Expectations Not High For Higher Voter Turnout

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Just 12 percent of registered voters turned out at the polls yesterday in Brazos County. Residents and experts point to a number of reasons for the low total, and the trend shows little sign of changing anytime soon.

When it comes to why people didn't turn out at the polls Tuesday, you're likely to hear familiar responses from the longtime voters to the disenfranchised.

"If there were available senior transportation, obviously I would have voted," said longtime voter Rezneat Darnell.

Ed Crevey said he didn't vote, "because both sides are corrupt, so it's kind of pointless."

But ask Blinn professor and News 3 Political Analyst Blanche Brick, and she'll tell you it's a slew of issues that are keeping people from voting. For one, she believes voters aren't wanting to judge judges anymore, a Texas tradition that stretches back decades.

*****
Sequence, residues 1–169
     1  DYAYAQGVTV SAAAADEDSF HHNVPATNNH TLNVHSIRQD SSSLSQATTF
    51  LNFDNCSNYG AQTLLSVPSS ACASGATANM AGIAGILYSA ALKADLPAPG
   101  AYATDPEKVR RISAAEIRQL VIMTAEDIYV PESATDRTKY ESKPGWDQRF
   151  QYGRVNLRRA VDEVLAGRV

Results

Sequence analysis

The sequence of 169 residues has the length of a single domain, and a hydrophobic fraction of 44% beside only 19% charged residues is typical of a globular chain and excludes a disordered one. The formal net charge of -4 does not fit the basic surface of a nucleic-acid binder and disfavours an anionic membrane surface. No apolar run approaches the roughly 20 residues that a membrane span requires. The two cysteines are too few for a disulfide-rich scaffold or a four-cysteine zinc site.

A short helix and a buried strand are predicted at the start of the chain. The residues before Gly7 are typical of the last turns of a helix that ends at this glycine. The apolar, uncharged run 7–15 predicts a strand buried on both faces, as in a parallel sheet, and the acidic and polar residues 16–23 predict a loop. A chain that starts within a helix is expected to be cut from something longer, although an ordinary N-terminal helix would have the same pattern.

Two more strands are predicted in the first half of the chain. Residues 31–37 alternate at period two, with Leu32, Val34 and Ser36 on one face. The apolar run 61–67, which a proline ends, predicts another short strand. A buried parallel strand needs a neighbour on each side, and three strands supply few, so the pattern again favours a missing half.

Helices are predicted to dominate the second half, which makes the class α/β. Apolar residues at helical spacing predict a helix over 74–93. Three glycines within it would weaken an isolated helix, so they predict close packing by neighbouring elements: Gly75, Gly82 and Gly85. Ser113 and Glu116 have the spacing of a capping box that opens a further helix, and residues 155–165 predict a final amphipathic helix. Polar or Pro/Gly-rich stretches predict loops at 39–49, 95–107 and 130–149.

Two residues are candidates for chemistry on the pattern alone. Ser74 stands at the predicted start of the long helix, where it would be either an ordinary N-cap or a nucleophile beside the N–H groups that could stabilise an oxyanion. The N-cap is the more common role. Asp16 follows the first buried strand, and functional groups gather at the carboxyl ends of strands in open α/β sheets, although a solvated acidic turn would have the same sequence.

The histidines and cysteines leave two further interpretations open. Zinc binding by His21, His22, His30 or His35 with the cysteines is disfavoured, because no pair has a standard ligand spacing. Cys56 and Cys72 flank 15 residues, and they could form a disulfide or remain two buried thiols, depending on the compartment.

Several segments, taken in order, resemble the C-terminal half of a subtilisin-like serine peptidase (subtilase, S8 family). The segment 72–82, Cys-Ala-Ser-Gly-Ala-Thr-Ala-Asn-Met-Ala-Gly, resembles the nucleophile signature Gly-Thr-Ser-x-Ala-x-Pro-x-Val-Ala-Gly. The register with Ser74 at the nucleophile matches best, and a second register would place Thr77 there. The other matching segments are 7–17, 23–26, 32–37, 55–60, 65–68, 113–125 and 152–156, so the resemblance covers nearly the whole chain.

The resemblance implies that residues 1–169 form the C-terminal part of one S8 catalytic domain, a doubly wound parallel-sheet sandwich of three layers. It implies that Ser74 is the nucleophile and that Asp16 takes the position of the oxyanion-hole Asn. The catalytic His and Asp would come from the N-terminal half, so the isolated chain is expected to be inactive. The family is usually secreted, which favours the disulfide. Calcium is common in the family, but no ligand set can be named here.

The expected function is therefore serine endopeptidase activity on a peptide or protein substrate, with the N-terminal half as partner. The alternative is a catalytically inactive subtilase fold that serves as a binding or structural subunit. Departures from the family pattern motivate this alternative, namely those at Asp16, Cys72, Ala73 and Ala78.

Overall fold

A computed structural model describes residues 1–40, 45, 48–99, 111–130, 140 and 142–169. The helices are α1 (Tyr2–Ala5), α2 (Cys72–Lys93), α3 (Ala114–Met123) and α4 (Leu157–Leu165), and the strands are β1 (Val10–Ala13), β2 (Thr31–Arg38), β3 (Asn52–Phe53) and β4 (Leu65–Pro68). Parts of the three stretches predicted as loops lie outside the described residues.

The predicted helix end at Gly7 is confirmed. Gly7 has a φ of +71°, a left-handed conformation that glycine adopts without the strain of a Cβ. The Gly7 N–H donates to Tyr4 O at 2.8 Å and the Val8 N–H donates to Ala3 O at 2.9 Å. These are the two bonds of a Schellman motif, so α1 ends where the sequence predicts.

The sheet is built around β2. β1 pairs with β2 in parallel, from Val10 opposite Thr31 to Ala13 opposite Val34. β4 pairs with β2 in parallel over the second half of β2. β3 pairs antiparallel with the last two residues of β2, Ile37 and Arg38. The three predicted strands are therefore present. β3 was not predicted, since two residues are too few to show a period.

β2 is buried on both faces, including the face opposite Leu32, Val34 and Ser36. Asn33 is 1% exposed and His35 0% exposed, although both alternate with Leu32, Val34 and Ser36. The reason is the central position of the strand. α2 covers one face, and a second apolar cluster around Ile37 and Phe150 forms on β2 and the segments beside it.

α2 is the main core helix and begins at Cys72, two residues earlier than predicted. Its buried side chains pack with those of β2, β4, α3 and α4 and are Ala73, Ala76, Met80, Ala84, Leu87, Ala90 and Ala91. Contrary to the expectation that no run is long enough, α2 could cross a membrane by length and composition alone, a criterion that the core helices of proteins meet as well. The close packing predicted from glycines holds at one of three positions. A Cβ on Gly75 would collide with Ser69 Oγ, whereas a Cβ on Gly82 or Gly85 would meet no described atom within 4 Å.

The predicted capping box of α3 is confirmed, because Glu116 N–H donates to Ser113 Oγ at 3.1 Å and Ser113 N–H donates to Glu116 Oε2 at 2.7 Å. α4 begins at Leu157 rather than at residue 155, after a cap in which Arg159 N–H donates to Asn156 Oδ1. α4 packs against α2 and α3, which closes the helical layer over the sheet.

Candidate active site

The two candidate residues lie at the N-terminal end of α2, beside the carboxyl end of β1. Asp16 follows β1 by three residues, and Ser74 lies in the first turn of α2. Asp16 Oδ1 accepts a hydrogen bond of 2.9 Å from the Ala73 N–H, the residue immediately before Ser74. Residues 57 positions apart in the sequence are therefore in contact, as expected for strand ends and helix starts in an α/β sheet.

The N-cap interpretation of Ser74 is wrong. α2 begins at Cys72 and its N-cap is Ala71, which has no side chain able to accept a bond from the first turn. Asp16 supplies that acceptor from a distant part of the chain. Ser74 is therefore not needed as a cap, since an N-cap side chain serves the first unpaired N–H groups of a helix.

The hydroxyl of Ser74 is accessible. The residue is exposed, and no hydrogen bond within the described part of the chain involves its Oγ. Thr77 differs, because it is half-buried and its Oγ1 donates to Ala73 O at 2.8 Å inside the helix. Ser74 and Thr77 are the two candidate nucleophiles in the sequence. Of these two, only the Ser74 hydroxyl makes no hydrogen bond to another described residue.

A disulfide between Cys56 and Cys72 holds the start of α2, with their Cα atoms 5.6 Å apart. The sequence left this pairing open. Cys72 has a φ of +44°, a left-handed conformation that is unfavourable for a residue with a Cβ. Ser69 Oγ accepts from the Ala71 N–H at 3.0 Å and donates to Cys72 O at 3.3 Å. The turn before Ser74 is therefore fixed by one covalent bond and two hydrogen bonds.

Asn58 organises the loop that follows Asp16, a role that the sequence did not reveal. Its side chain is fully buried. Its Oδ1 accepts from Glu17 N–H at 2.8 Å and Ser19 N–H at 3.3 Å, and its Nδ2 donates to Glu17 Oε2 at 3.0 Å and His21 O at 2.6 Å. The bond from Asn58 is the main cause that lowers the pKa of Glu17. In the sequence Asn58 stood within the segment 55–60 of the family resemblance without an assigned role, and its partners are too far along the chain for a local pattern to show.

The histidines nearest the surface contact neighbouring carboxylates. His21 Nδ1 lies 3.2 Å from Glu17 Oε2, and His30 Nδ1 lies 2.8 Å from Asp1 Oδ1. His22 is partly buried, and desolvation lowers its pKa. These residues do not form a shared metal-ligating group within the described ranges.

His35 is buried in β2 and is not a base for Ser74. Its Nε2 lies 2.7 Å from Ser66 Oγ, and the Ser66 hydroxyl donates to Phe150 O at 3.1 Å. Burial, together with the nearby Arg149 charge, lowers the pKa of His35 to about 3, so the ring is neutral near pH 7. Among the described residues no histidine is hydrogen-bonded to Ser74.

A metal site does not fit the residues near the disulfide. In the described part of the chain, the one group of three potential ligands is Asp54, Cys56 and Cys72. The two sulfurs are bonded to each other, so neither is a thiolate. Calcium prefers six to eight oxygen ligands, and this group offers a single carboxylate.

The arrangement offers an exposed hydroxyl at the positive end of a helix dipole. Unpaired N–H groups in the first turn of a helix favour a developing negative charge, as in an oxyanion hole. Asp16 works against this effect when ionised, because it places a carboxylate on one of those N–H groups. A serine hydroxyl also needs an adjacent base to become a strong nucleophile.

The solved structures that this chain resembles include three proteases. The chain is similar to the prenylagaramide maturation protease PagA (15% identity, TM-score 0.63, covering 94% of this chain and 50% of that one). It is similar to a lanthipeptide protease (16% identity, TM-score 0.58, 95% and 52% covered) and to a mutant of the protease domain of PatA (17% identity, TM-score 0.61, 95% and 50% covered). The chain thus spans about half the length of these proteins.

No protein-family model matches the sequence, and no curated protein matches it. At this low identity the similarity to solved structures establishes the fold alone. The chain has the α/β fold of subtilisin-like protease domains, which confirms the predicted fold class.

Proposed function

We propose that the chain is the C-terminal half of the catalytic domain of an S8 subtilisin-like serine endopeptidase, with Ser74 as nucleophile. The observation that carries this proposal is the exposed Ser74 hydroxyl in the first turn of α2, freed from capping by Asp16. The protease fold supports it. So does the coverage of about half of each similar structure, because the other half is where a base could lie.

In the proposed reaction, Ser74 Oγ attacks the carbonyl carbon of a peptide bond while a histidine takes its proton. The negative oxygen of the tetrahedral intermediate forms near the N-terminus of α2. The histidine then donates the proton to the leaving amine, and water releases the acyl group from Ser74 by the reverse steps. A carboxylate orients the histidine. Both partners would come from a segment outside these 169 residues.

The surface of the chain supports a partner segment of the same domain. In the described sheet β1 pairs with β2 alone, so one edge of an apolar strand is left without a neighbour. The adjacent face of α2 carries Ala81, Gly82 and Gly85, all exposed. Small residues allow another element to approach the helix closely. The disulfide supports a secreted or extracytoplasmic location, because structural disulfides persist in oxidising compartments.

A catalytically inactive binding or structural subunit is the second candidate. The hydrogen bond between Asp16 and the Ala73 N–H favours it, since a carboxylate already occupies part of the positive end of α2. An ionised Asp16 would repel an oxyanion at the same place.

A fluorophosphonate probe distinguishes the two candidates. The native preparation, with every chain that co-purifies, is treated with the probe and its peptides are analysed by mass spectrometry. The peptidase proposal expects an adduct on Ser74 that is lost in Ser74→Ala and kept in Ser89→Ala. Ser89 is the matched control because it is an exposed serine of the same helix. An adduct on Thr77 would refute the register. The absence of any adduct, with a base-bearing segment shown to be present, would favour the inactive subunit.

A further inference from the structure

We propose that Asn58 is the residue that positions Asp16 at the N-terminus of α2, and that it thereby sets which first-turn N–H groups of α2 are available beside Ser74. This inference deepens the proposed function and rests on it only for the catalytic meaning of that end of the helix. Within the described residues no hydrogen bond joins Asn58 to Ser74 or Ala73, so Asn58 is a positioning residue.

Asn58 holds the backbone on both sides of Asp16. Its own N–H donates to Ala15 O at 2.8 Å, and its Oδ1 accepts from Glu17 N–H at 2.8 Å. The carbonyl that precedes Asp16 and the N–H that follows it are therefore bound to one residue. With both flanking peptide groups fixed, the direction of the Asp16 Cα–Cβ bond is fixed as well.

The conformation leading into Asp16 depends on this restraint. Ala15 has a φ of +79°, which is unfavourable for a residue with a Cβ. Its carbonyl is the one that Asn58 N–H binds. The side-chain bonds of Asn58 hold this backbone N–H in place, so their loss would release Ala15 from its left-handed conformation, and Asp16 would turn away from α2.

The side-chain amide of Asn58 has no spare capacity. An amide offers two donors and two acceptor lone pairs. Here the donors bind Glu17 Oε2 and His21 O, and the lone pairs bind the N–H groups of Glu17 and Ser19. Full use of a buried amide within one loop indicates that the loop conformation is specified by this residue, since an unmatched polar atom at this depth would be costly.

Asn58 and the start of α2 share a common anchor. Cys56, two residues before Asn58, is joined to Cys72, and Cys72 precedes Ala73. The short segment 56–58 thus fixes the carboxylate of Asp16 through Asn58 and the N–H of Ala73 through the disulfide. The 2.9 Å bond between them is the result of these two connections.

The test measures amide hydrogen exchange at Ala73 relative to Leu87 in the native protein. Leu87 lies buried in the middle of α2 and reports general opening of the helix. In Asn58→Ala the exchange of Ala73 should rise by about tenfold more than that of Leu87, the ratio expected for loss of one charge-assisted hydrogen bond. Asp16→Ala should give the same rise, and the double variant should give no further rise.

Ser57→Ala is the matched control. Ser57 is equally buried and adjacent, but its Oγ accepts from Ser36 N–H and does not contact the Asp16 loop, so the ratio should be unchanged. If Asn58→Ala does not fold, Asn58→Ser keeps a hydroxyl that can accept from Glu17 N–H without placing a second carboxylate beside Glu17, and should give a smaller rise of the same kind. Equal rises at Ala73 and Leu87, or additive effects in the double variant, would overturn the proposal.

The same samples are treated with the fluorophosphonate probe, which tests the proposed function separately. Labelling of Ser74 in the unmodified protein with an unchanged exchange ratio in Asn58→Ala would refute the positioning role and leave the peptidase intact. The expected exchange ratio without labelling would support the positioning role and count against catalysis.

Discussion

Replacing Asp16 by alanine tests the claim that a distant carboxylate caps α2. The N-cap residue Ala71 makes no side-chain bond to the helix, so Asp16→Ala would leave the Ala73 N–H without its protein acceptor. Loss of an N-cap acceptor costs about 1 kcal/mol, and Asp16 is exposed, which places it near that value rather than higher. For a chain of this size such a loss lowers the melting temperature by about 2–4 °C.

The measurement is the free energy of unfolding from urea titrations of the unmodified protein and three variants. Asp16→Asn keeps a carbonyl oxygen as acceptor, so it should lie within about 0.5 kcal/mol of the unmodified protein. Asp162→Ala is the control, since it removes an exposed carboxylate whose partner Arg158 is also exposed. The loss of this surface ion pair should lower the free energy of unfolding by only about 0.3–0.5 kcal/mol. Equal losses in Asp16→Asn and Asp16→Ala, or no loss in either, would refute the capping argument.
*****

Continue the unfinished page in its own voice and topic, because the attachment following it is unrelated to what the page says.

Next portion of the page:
"I think people have some hesitancy about voting for judges, and they don't feel educated to the extent they should feel," Brick said.

And despite a statewide campaign to increase voter turnout with the supposed ease of new technology, Brick feels it remains intimidating to many older voters.

"The last time I took my mother to vote, who was a firm believer in voting in every election, she was 90 years old, and she said, 'I hope I never have to vote again,'" she said.

And while Brick calls Tuesday's turnout unfortunately low, she says getting an extraordinarily high turnout wouldn't necessarily be a good thing.

"I think we need to be more focused on intelligent voter participation in the process, and making the candidates hold to their answers," Brick said.

All so the voters that do turn out have an informed say.

"It is my right to do it, and it is the only voice of input we can have into the action of government," said one of the 12 percent who voted, Brenda Rogers.